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Health professional risk communication

Heater-Cooler Devices - Risk of Nontuberculous Mycobacteria Infections

Starting date:
October 21, 2016
Posting date:
October 21, 2016
Type of communication:
Dear Healthcare Professional Letter
Medical Device
Source of recall:
Health Canada
Important Safety Information
Identification number:


Healthcare facilities and healthcare providers who use heater-cooler devices, hospital staff who are responsible for operating and maintaining devices, infection control professionals, infectious disease physicians, medical microbiologists, surgeons (cardiothoracic surgeons, cardiovascular surgeons, thoracic surgeons), anaesthesiologists, perfusionists, microbiology laboratory managers.

Key messages

  • There are international reports of nontuberculous mycobacteria (NTM) infections associated with heater-cooler devices used in cardiothoracic surgery; a small number of possible Canadian cases are under investigation.
  • The infection could result from the transfer via aerosolization of   NTM-contaminated water contained in the heater-cooler devices into the operating room and into patients during surgery.
  • NTM infections potentially associated with heater-cooler devices have been diagnosed months to years after cardiothoracic surgery.
  • Healthcare professionals should consider testing for NTM in ill patients with signs of infection who have a history of cardiothoracic surgery.
  • At this time, Health Canada is reminding healthcare facilities to strictly follow the cleaning and disinfection procedures recommended by the manufacturers of the devices.
  • Health Canada is working with heater-cooler device manufacturers to determine additional measures to further mitigate the risk of NTM infections.



Health Canada is aware of international reports of nontuberculous mycobacteria (NTM) infections that have been confirmed to be associated with the heater-cooler devices used in cardiothoracic surgery.Footnote 1

Recently, Health Canada has received Canadian reports of possible NTM infections in patients with a history of cardiothoracic surgery involving the use of heater-cooler devices. The root causes for these cases are under investigation.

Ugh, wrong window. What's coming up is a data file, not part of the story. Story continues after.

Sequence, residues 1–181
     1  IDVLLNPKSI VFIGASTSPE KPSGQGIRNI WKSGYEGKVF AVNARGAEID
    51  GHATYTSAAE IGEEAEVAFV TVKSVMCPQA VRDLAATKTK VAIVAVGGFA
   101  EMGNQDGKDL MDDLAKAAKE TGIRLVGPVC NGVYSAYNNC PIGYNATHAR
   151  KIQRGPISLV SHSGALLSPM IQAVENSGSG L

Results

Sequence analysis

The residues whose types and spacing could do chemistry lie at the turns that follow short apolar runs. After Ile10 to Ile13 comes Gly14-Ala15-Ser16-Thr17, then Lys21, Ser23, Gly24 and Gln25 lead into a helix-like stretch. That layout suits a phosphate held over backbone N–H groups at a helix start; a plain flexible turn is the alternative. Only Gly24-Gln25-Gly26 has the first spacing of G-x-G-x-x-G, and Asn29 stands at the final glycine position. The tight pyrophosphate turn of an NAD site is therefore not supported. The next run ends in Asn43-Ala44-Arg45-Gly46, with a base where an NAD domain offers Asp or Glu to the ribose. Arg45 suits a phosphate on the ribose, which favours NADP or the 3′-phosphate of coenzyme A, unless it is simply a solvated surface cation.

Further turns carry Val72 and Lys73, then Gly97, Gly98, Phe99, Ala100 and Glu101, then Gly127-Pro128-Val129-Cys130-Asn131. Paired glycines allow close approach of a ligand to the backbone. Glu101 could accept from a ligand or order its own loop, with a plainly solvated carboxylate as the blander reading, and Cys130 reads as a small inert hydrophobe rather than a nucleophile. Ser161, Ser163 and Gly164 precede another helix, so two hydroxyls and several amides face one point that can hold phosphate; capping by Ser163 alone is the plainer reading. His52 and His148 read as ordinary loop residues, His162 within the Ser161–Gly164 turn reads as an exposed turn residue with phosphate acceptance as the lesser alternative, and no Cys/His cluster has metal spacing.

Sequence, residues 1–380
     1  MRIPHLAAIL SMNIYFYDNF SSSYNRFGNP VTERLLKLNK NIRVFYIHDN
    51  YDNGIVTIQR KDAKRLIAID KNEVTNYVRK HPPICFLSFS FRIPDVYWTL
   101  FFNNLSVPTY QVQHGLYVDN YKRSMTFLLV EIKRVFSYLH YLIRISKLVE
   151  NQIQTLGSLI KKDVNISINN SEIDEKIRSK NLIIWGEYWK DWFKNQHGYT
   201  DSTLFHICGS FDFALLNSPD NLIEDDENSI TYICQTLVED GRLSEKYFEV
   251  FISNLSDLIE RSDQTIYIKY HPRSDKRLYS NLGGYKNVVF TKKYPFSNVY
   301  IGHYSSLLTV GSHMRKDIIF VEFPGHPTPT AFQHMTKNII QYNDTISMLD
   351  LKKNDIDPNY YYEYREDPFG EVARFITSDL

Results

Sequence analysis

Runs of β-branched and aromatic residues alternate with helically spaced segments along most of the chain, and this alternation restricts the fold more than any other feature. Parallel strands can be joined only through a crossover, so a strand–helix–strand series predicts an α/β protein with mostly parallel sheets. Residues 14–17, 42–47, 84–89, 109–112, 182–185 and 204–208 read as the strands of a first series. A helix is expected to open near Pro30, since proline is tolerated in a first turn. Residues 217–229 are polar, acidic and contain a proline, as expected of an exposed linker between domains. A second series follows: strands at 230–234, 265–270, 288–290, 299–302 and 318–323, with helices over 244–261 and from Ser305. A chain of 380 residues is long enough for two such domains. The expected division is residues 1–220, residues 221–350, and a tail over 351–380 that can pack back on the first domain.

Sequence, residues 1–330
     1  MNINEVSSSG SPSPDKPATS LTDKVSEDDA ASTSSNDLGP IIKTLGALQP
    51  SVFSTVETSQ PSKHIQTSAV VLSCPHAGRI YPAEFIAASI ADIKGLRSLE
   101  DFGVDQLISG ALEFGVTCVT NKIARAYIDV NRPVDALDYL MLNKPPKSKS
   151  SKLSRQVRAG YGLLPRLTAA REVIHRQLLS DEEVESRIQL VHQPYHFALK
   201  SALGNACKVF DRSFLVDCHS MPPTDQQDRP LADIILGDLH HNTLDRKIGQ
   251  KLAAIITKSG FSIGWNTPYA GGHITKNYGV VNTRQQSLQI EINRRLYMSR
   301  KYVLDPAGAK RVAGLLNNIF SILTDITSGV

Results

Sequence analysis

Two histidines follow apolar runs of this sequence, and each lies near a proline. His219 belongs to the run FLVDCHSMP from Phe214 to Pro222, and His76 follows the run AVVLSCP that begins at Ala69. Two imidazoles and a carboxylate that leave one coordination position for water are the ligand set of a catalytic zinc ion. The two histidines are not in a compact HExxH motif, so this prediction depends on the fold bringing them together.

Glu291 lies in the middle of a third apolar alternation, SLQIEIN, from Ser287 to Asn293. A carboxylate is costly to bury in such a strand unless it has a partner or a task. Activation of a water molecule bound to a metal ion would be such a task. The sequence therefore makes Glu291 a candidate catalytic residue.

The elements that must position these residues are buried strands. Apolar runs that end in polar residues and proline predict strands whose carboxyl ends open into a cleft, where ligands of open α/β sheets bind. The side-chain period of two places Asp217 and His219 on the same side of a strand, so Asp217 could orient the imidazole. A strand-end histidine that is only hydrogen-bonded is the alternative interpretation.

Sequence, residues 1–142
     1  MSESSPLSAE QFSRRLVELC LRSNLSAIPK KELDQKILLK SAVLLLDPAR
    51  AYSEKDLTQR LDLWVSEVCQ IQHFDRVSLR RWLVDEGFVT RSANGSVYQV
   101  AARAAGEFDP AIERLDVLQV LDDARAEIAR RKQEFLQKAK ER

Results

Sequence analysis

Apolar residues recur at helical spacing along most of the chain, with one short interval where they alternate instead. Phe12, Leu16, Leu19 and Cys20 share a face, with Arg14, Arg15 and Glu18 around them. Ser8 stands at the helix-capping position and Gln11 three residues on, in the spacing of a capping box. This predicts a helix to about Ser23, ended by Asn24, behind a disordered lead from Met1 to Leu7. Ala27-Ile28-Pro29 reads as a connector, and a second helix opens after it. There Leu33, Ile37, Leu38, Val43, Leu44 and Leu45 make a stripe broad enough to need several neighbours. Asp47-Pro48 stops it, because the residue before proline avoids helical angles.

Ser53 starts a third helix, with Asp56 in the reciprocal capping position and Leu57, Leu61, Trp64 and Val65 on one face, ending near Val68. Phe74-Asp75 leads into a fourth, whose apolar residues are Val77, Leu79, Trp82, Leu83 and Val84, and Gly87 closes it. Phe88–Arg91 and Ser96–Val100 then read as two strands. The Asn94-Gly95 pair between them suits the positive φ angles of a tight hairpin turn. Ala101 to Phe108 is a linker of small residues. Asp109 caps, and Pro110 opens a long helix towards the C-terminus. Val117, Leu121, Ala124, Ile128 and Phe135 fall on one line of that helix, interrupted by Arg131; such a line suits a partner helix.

Products affected

All heater-cooler devices licensed in Canada are currently under investigation.

heater-cooler devices
Device Name License Number Manufacturer
Paratherm, Heater/Cooler 97427 Chalice Medical Limited
Hemotherm Cooler/Heater 26798 Cincinnati Sub-Zero Products
Heater Cooler Unit 30 system
Heater Unit HU 35
Heater Cooler Unit HCU 40
HL-20 Perfusion System – Heater-Cooler System
Maquet Cardiopulmonary GMBH
BIO-CAL 370 Blood Temperature Control Module 14986 Medtronic Inc.
Flextherm Heater Cooler System

SIII Heart lung Machine Modular System: Heater Cooler System

Stockert Heater Cooler System 3T


SARNS Temperature Control Device 14302 Terumo Cardiovascular System Corporation
Deltastream HC
Xenios AG, MI

Background information

Heater-cooler devices are non-sterile devices used in the operating room to control the patient’s blood temperature during cardiothoracic surgeries, as well as other medical and surgical procedures when heating and cooling of blood is desired. Heater-cooler devices include water tanks that provide temperature-controlled water to external heat exchangers or warming/cooling blankets through closed circuits. The water circuits are physically separated and not intended to come in contact with the patient’s blood circuits. However, recent studies have suggested that there is a potential for bacteria contaminated water contained in the device to be transferred via aerosolization into the operating room environment and ultimately into the patient during open-chest heart surgery.